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Mark Moore's History Of Clubbing- 1980 to the Present

Author: Jonty Adderley
Saturday, February 8, 2003
"If you look at the world in terms of the history of clubs from punk onwards then this is what happened; during the punk/ new romantic days clubland was very flamboyant and there were lots of artists and fashion designers going to tiny clubs. So you literally had the creative people of the nation cramming into two or three clubs in London or New York and these were the people that would be producing the fashions, music, writing or films of that time. But you didn't get that in acid house so much; a little bit, but not so concentrated as it was before."

Sitting in the studio of London internet radio station, hugely experienced superstar DJ/producer Mark Moore appears somewhat subdued on the topic of the genre that made his name.

I was always worried that acid house would lead to a big blanding out of the nation and, in a way, that eventually happened," he suggests.

"You've got to see the whole history of clubland to understand what happened."

As an original London punk turned regular at Steve Strange's seminal New Romantic 80s haunt The Blitz, Moore remains superbly qualified to discuss the past and present behind today's club culture and his own clubbing career path tells its own tale.

A resident DJ at mid 80s key hang out The Mud Club, he also opened up Danny Rampling's definitive acid house club Shoom in '87, becoming London's most successful DJ of the decade as the city itself went raving crazy. Then, as the decade drew to a close, he formed sampedelic acid house superstars S-Express, whose introductory anthem Theme From S-Express topped pop charts throughout the world. For much of the 90s he also enjoyed the superstar DJ lifestyle pioneered by many of his old clubbing mates from the 80s, before discovering a distinct sense of dissatisfaction as the decade drew to a close.

"Up until about three years ago I was doing all the big Northern clubs, the Gatecrashers and Creams of the world, then one day I realized was hating every minute of it," he admits.

"I found myself thinking that I absolutely hated the music that they were wanting me to play."

Walking away from his big room DJ life ('it meant a drastic cut in wages', he chuckles) Moore decided to go back to basics, an approach he tells Skrufff's Jonty Adderley has already paid off.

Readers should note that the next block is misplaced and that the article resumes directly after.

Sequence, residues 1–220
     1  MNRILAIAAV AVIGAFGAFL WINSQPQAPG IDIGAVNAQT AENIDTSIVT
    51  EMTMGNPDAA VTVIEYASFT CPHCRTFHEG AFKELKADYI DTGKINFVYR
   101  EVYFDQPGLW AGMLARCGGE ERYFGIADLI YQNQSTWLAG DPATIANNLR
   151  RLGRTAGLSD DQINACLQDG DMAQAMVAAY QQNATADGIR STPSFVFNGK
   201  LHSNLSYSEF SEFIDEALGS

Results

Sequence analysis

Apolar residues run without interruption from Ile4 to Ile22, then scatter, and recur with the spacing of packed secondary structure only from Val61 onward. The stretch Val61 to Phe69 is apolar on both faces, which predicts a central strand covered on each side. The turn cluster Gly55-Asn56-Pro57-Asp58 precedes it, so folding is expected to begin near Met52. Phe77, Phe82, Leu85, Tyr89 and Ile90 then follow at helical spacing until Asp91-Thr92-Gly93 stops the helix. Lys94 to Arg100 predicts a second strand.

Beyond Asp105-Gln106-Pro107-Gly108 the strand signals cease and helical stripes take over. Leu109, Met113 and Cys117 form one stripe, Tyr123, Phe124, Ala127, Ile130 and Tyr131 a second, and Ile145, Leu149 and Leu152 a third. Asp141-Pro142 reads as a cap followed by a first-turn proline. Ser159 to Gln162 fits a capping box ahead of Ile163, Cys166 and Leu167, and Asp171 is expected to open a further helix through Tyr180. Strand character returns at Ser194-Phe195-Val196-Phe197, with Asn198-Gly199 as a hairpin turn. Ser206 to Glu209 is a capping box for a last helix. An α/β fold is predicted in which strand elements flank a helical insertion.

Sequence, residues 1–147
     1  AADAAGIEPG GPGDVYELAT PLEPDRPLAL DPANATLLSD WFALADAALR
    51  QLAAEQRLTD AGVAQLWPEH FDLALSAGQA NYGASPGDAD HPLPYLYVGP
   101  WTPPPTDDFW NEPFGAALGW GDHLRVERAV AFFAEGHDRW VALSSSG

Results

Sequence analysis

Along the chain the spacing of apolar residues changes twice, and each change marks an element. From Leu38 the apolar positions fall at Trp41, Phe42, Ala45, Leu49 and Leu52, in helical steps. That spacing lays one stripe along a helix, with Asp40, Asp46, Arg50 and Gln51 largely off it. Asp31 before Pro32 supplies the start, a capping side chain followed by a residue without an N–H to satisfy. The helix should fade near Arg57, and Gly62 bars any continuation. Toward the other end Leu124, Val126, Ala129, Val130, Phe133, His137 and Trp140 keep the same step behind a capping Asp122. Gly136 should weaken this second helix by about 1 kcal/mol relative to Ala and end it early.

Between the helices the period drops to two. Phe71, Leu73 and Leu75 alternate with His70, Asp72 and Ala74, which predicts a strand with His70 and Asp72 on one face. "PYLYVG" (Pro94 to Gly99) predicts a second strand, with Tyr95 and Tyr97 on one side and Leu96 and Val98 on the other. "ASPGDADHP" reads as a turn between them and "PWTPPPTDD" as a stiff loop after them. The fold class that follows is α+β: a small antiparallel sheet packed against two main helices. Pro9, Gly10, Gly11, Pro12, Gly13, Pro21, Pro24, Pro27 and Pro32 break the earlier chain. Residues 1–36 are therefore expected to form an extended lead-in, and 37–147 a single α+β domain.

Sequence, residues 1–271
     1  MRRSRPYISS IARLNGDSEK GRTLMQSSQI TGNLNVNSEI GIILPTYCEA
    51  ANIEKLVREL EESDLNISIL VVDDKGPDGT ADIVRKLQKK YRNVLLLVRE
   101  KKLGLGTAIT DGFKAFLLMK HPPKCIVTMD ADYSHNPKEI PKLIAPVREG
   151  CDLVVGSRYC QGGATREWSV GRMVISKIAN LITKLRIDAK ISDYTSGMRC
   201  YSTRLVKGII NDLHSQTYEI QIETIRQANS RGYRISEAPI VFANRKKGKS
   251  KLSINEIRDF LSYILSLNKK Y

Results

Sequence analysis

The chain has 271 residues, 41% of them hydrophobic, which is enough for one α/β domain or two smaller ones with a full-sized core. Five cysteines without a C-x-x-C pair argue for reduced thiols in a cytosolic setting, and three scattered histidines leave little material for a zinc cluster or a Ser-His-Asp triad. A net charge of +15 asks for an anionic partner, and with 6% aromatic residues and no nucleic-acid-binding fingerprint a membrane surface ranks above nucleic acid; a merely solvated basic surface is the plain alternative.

"I started to find little clubs where I could play an eclectic set. I now do lots of things alongside the Ping Pong Bitches, for example, being their DJ and stuff like that. Then Nag Nag Nag opened up and I also started doing alternative sets at places like the 333. Nag, Nag Nag was wonderful when it opened, there were about sixty people there but it was great. I definitely remember thinking 'there's something else going on here, these people want to do something different'. And more importantly I started having fun with my DJing again, which is really all that matters."

Skrufff (Jonty Adderley): How easy was it walking away from the superclubs and presumably progressive/ hard trance music-

Mark Moore: "Well that was it, I guess I burnt my bridges when I left (laughing). People thougth I was a bit mad when I walked away, my agent was telling me to carry on playing that kind of music to keep my name in there, which I did for a few months until I realised I was hating it- it wasn't what I was about anymore. Gradually the word just spread that I was playing an alternative set and then things improved with people like Electric Stew and other promoters starting to invite me to play. But it's still early days for this scene right now. What was missing before was a focal point, because you always had the music and also DJ who would delve into new electro (or electroclash, whatever you want to call it' he adds), but now with Nag, Nag, Nag, there is a focal point."

Skrufff: You've been at the centre of the Punk, New Romantic then acid house scenes, does this electro thing feel like a new scene in the same way-

Mark Moore: "Yeah, total